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Emissions Inventory Overview–Part 1

Emissions Inventory Overview–Part 1. Melinda Ronca-Battista, ITEP. Overview. What is an Emissions Inventory and why do we need one? Part 1 Types of EIs Pollutants Sources Part 2 Quantifying emissions Types of data collected Reporting. What is an Emissions Inventory?.

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Emissions Inventory Overview–Part 1

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  1. Emissions Inventory Overview–Part 1 Melinda Ronca-Battista, ITEP

  2. Overview • What is an Emissions Inventory and why do we need one? • Part 1 • Types of EIs • Pollutants • Sources • Part 2 • Quantifying emissions • Types of data collected • Reporting

  3. What is an Emissions Inventory? Listing of sources of estimatedair pollutant emissions in geographic area during specific time period

  4. What are Emission Sources? Non-Road Mobile Sources Non-Point Sources (Area Sources) Point Sources On-Road Mobile Sources Based on EPA

  5. How are EI data used? • Air quality management tool • Collect baseline data • Develop & track emissions control and management strategies • Regulations development • Air quality modeling and assessment • Permits • Do you have facilities that need permits? • Conditions (potential to emit) • Fees • Emissions trading • Regulatory compliance

  6. Inventory Steps • Source identification • Phonebook/windshield survey • NEI data, previous EIs • Planning! • Inventory Preparation Plan (IPP) • Quality Assurance Project Plan (QAPP) • Collect data • From sources, permits, questionnaires, etc.

  7. Inventory Steps (cont.) • Calculate and analyze data (TEISS, Excel, GIS, etc.) • Report data and present results • Internal: tribal council, community • External: EPA project officer, National Emissions Inventory (NEI)

  8. Level of Detail • Simple summary: Small reservation, few on-reservation sources • Compiled from existing data sources • Includes only large sources • Comprehensive accounting: Large reservation, many and/or large sources • Large on-reservation sources–permitting • “Problem” emissions (agricultural burning, small industries, road dust, traffic emissions)

  9. What are Emissions? • Criteria Pollutants • Particle matter: PM10 and PM2.5 • Nitrogen oxides: NOx • Sulfur dioxide: SO2 • Carbon monoxide: CO • Lead: Pb • Ozone precursors • Ammonia: NH3 • Volatile Organic Compounds: VOCs • HAPs (Air Toxics) • 187 toxic, carcinogenic compounds without regulated standards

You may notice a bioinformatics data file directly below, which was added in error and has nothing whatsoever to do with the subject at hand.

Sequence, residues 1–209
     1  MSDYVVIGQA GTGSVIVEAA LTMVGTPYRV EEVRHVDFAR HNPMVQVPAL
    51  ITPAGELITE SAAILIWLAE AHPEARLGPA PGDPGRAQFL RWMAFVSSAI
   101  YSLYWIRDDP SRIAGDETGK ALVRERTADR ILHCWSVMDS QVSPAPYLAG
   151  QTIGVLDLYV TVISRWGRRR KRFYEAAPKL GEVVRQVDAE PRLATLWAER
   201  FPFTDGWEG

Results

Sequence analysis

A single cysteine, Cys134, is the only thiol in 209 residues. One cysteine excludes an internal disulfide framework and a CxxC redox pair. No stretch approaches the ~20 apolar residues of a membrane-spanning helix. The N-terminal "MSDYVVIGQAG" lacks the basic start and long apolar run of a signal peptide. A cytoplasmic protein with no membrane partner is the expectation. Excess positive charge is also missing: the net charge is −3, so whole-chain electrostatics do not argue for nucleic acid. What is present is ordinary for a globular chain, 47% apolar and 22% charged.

10. Criteria Pollutants • What about Ozone? • Ozone is not emitted directly by sources • EIs inventory ozone precursors • VOCs • NOx • Both react with sunlight to form ozone. • NOx and VOCs get inventoried, but not ozone itself

  11. HAPs (Air Toxics) • 187 compounds listed in CAA including • Mercury (power plants, coal-fired) • Perchloroethylene (dry cleaning) • Benzene (gasoline) • Chloroform (chlorination plants, paper mills) • Methyl Isocyanate (pesticide manufacturing) • Release at Bhopal, India, killed 4,000 people • The list goes on….

  12. Types of Sources • Point sources = Stationary sources • Area sources = Non-Point sources • Mobile sources • On-Road (cars, motorcycles, trucks, buses) • Non-Road (trains, heavy equip.) • Biogenic sources

  13. What is a Point Source? Individual, stationary source releasing pollutants to atmosphere Quantities above emission threshold Emission thresholds vary according to type of pollutant and non-attainment area classification for criteria pollutants See Air Emission Reporting Requirement (AERR) for more detail

  14. What is a Point Source? (cont.) • AERR reporting thresholds are quite high. Compared to Potential to Emit. • Many states have lower thresholds • Consider using state thresholds to define your reservation’s point sources • Makes EI compatible with others in your area • Get a more detailed listing of sources • Example: Busy gas station can be point source under state thresholds, but not EPA’s

  15. Example: Point Source Thresholds

  16. Point Source Characteristics • Large, stationary sources • Manufacturing or production plants • Power plants, refineries • Large, industrial facilities • One point source facility can have emissions from • Smoke stacks • Units within directed to stacks • Fugitive sources within plant

  17. Point Sources (cont.)

  18. Area (Non-Point) Sources • Stationary sources that emit • Less than point source threshold • Smaller emitters, but numerous • Often have fugitive (uncontrollable) emissions • Tend to be sources like • Gasoline stations • Dry cleaners • Auto body/paint shops • Unpaved roads

  19. Wildfires and prescribed burning E.g., agricultural field burning Now inventoried as EVENTS Other area source examples Residential wood combustion Residential combustion of household waste (backyard burning) Other Area Sources

  20. On-Road Mobile Sources • Vehicles found on roads and highways (e.g., cars, trucks, buses, motorcycles) • 20 volatile organic compounds (VOCs) and metals quantified (Urban Air Toxics) • Diesel particulate matter and diesel exhaust organic gases also quantified

  21. Non-Road Mobile Sources • Mobile sources not found on roads and highways (e.g., airplanes, trains, lawn mowers, construction vehicles, farm machinery) • 2/4 stroke engines • aircraft • locomotives • commercial marine vessels • hobby engines

  22. Non-Road Mobile Sources • Note about aircraft • ALL airports are now considered point sources in the NEI • If you have airports on your reservation, check the most recent NEI data. Use it in your EI • UNLESS you have more accurate data.

  23. Biogenic Sources • Naturally occurring emissions • Vegetation: Trees, shrubs, grasses • Microbial: Soil bacteria, termites • EPA estimates these emissions on a county level for entire country… • …so you don’t have to

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